Because you’re in love. Although love shouldn’t be the only reason to marry, it’s an important ingredient in the most successful relationships.
To make a commitment. You’ve decided that you want to be together forever, knowing each other’s faults and failings.
It’s part of your culture. The ceremony of marriage is an integral part of your cultural or religious beliefs and an essential part of your core value system.
To start a family. You’ve both enjoyed a secure and committed relationship for some time and feel marriage is the best environment in which to bring up children.
To celebrate. Because you want your family and friends to share with you in your happiness and commitment as a couple.
It’s the right time. You have a solid and secure relationship and it feels like the logical next step.
Bad Reasons to Marry
To make your relationship secure. If your relationship isn’t secure before you marry, there’s no reason to think it will be afterwards. It may be harder for you to separate after marriage, but that doesn’t mean you’ll be happy.
Fear of being alone. Some people marry because they’re scared that no one else will have them. Remember, it’s better to be left on the shelf than spend your whole life in the wrong cupboard.
For the children. It’s true that, on the whole, children benefit from living with two parents, but marrying purely for your child is unlikely to create a happy home environment.
You want a big wedding. The big white wedding may seem like a fairy tale come true, but it only lasts a day. Marriage is (supposed to be) for life.
To recover from divorce. Some people want a second marriage to help them to get over the first – to prove that they’re OK. But those feelings must come from within.
You may have many more reasons why you want to marry. The most important thing is that you and your partner have fully discussed your reasons and that you’re both confident you share the same motivation and intentions.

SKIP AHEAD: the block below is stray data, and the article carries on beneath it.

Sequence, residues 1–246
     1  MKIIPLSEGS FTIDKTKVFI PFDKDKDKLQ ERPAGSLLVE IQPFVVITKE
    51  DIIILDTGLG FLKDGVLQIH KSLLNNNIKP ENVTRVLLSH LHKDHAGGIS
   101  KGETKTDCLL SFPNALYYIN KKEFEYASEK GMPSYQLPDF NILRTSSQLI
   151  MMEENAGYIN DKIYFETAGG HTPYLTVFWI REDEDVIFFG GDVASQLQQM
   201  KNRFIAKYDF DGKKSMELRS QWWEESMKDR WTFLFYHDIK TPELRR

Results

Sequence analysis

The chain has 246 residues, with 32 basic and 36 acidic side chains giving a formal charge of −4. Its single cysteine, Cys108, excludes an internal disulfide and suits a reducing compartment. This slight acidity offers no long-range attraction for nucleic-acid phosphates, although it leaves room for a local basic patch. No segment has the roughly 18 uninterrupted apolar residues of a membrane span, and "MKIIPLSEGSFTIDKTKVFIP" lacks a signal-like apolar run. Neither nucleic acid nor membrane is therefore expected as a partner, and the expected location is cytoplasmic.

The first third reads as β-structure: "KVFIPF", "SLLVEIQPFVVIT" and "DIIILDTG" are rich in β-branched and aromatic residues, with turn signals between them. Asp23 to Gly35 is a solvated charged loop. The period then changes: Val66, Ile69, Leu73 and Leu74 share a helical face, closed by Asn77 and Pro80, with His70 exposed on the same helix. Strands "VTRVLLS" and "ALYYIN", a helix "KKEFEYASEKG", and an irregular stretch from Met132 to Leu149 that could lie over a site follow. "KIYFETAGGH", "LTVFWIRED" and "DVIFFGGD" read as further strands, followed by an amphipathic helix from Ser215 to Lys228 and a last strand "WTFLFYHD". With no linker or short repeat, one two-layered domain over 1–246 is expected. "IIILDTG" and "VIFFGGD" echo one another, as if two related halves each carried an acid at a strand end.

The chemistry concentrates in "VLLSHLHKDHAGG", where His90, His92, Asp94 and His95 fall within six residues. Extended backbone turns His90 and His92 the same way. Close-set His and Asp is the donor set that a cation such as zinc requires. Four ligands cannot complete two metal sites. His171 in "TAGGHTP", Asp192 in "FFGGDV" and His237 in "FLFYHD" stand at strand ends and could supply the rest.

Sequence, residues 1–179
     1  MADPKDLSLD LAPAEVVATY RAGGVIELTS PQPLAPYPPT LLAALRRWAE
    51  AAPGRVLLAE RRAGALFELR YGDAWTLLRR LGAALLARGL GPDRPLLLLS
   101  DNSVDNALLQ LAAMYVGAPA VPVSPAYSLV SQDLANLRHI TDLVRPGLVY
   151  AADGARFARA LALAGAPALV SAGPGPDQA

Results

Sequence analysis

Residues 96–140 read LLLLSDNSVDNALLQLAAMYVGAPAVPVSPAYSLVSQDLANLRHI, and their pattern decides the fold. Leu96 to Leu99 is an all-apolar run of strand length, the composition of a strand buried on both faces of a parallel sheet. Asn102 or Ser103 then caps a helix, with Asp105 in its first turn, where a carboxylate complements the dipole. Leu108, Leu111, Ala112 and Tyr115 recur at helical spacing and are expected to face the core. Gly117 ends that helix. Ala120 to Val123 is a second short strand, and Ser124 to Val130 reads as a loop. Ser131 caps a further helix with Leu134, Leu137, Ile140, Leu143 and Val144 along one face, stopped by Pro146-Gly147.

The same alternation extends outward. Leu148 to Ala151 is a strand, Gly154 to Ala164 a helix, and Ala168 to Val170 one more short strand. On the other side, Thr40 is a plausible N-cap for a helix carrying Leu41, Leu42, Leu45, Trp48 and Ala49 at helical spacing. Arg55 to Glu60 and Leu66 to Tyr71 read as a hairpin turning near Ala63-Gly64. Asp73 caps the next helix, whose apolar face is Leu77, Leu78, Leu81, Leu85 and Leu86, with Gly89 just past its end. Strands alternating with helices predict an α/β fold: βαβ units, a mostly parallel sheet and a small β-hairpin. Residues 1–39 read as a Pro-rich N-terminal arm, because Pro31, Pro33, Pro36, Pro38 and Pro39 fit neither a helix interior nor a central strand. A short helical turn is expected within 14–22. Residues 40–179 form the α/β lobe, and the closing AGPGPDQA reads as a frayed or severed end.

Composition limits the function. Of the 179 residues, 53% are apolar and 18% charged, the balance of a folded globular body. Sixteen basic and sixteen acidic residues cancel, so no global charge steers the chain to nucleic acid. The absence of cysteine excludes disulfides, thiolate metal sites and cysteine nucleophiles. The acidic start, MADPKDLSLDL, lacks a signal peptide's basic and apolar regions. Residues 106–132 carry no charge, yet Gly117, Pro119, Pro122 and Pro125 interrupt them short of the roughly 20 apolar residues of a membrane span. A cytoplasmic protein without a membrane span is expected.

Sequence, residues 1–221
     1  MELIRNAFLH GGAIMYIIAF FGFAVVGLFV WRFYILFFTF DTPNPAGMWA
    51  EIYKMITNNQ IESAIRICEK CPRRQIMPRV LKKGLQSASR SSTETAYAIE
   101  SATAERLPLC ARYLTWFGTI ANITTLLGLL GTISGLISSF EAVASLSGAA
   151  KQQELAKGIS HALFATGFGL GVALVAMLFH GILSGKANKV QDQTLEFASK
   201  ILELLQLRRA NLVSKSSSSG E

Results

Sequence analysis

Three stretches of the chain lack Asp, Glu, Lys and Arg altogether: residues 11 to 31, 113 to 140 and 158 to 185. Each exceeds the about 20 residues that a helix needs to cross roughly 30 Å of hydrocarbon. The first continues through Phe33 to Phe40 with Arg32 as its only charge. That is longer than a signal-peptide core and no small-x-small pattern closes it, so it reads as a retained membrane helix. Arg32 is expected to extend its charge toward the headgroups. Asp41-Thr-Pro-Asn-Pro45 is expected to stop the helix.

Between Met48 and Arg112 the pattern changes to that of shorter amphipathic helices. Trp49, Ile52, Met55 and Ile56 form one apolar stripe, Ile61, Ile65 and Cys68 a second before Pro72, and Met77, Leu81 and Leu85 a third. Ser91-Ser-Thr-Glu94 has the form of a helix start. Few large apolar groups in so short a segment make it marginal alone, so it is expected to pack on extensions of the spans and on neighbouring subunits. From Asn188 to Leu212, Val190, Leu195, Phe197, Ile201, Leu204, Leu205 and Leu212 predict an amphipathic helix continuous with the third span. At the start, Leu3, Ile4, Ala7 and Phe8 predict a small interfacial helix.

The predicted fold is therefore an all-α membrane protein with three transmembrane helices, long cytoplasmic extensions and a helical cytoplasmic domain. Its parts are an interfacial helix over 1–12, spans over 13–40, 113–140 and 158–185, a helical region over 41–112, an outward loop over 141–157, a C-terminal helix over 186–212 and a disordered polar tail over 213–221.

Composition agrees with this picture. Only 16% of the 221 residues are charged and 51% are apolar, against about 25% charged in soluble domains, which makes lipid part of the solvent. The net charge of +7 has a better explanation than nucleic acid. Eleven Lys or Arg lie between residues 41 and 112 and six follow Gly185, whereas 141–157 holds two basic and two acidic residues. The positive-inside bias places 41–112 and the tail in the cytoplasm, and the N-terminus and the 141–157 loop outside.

New Baby – New roles
Whichever partner takes time off work to care for your baby, it will take you both time to adjust to your new roles as parents, which bring with them some common anxieties.
Common anxieties for fathers:
- Will I be a good enough father?
- How can I work full-time, help my partner, be with my child and still have time for me?
- Can I earn enough money to look after us? What if I lose my job?
- My partner is so absorbed with the baby, will we ever be a normal couple again?
Common anxieties for mothers:
- Will I be a good enough mother?
- Will my body ever feel normal again?
- Can I protect my baby from the dangers of the world?
- How do I feel about being financially dependent on my partner?
- Will I ever have a life of my own again?
The Joys and Trials of Parenting
For couples, becoming a parent is a joyful time. You may find yourself spending hours staring at your creation, marvelling at the perfect little fingers and toes. Each new development is a milestone to share: the first smile, the first solids – the first night slept through! Learning to be parents can be a bonding experience.
But with the joy come the trials. The biggest problem by far is lack of sleep. Exhaustion can make us feel physically ill, mentally drained and emotionally raw. Even the smallest disagreements seem huge.
Here are the most common issues that arise:
- Money – or rather, the lack of it. The change in financial balance if one of you gives up work may also cause problems. See Money trouble and Budgeting for a baby.
- Time – finding enough time for your baby, for each other, for your job and for yourself becomes an ongoing battle. See ‘Tips for creating couple time’, below.
- Sex – even if you find the time and the energy, you’ve still got to muster up the enthusiasm, and 80 per cent of new mums report lowered desire in the first months. Try some of the tips in Sex after birth, Gone off sex? and Too busy for sex?
- Household chores – instead of blaming each other when the house is a mess and there’s no food in the fridge, learn to relax in spite of the chaos. Life will return to normal eventually; in the meantime, order a pizza and turn the lights down low so you can’t see the mess.
- The in-laws – there’s a thin line between helpful involvement and interference, and it often depends on your mood. Remember to take whatever help is offered, but be insistent about those things that are important to you.
This article was last medically reviewed by Dr Trisha Macnair in August 2005.
First published in November 1997.